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Mark Bacino

Guitar World Member For: 3 years 19 weeks
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Songcraft: A Harmony Primer — Creating and Recording Vocal Harmonies

A reader and fellow songwriter recently asked if I could offer some basic thoughts on the nuts and bolts of creating and recording vocal harmonies for a song (a source of frustration for said reader). Harmony is certainly a lengthy and complex topic to distill down to a few paragraphs, but here goes something...

Lesson: Tune Up Your Tempo

As songwriters, we think of tempo as the most basic of basics. Tempo, or the speed at which we perform a song, is sort of the quiet engine, the driving force behind all our tunes; yet, because we consider it so "Songwriting 101," tempo can sometimes become songcraft’s sadly neglected middle child.

Songcraft: Mike Viola Talks Songwriting Triage, Movie Music and Arcade Backlines

One night, mid-Nineties, after catching a great set by singer-songwriter (not yet children's music superstar) Dan Zanes at New York City's Fez, I stuck around to take in "a bit" of the next act on the bill, the still-unknown-to-me Candy Butchers. Thirty minutes later, much to my surprise and delight, I was still glued to my chair.

Songcraft: Singer-Songwriter David Poe Discusses His New Album, 'God & The Girl'

Every producer imparts special information; Emile Kelman encouraged minimalism. Brad Jones taught me about layering. Larry Klein has deep intuition. Rick Parker conjures a vibe. Pete Min is a master of process. John Alagia understands how tonality impacts songs. Steve Rosenthal knows history. Ed Ackerson rewrites it. Buddy Miller captures lightning in a bottle. They all do.

Lesson: Song Structure Basics

Song structure (or lack thereof) can definitely prove to be a source of considerable frustration, especially for new writers. You might have a great collection of hooks or parts, but how you string them together can really make or break a tune. While there are certainly no “rules” as to how a writer should structure their tunes, there are some tried-and-true classic structures (especially in the pop tradition) and variations on the like that just plain work, building excitement and keeping the listener’s attention. Why not look at these workhorse structures from songs past and incorporate them into our own work -- or at least use them as a springboard for our own variations on the theme?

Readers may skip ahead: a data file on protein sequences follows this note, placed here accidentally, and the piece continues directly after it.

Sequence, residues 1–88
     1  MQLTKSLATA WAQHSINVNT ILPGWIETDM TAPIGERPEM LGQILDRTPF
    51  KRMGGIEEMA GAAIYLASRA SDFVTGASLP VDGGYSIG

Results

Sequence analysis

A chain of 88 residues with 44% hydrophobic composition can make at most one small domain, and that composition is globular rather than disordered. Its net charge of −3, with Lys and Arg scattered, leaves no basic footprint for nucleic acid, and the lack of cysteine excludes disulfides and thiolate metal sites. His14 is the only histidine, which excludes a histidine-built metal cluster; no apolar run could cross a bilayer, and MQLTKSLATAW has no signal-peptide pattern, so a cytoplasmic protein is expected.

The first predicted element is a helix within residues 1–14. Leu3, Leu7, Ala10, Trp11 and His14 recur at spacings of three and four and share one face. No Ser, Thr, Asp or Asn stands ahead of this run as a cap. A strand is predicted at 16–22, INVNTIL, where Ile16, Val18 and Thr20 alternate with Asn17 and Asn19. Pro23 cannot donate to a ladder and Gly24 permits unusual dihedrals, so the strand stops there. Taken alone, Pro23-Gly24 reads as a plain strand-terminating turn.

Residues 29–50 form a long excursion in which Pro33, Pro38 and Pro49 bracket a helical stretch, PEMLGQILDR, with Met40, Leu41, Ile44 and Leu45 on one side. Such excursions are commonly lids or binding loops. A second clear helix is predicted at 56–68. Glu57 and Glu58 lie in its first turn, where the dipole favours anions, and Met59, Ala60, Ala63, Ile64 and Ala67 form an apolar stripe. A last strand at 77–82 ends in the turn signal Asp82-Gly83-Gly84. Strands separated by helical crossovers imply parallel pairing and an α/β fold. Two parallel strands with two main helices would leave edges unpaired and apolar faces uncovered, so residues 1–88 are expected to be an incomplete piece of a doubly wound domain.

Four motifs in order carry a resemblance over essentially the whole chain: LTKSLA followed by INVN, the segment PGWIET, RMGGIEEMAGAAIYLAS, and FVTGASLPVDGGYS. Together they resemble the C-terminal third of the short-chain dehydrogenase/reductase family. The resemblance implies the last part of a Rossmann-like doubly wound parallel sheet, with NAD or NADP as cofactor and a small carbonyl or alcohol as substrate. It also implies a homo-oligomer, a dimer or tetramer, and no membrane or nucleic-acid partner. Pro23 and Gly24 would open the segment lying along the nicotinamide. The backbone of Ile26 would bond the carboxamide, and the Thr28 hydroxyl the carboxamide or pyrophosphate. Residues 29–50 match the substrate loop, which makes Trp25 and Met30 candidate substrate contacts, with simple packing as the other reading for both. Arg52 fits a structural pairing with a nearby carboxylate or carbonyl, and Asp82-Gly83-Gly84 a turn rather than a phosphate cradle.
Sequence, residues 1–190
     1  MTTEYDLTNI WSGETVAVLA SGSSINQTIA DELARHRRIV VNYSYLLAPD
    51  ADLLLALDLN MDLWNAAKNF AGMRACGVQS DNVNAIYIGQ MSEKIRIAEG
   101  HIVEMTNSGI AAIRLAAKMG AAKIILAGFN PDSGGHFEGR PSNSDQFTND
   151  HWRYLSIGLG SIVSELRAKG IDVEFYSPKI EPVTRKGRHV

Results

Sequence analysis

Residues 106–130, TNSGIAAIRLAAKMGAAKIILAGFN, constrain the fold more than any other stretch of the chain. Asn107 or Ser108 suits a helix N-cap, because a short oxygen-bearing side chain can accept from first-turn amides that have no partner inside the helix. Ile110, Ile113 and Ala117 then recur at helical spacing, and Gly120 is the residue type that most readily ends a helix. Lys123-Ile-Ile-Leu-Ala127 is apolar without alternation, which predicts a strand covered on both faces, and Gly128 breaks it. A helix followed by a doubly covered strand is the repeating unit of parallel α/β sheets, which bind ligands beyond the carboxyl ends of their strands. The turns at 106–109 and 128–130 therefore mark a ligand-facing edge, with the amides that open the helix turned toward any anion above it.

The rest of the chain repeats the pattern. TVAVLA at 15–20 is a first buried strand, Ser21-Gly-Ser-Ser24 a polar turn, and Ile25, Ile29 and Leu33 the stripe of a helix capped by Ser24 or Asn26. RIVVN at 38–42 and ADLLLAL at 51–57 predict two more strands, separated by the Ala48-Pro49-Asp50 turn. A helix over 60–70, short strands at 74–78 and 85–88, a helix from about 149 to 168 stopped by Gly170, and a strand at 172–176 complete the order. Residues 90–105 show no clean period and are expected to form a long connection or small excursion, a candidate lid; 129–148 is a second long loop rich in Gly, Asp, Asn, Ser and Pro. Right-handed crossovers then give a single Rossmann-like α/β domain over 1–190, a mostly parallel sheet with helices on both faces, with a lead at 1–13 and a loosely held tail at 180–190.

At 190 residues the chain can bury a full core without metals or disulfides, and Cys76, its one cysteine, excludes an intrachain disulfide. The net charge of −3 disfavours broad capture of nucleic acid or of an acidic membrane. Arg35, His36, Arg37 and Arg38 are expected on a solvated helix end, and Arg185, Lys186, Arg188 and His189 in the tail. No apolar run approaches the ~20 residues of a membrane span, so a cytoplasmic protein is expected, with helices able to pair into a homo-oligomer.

Songcraft: A Songwriter’s Pocket Checklist

Though often reserved for the mundane realms of the shopping cart or office Post-It note scene, a good checklist can be a helpful tool in any situation — a collection of stripped-down, simple reminders that quickly focuses the mind toward the core of the matter.

Songcraft: A Guide to Structured Songwriting

In my musical travels, I’ve found there are generally two types of songwriters; those who create solely when inspiration calls and those who write via a structured work schedule. If, like me, you fall into the former, waiting-for-that-lightning-to-strike category of writers, this blog post is for you.

Songcraft: My Songwriting Process

For better or worse, over the years I’ve come to find that when writing music for myself (as opposed to other artists or projects), I’m not a disciplined, “Write something every morning” kind of writer. Instead, I generally find myself reaching for the guitar or sitting at the piano when I feel in the mood to play, if not necessarily in the mood to “write."

Songcraft: The Pros and Cons of Using Virtual Instruments

As more and more songwriters set up Digital Audio Workstations (DAWs) at home to demo their ideas or make full-blown recordings of their work, they find themselves face to face with a myriad of tools, options and choices they may never have encountered before. Today I’d like to talk about one of those tools: the virtual instrument.

Songcraft: Eliminating Distractions from Our Writing

As the demands and distractions of our modern, ultra-connected existence attempt to claim every minute of our day, it’s often hard to find the time to do what we, as songwriters, want/need to do the most: write. Texts, email, phone, the web, etc. As important and as necessary as each may be, they can also sometimes act as mini-detours on the road to creative productivity.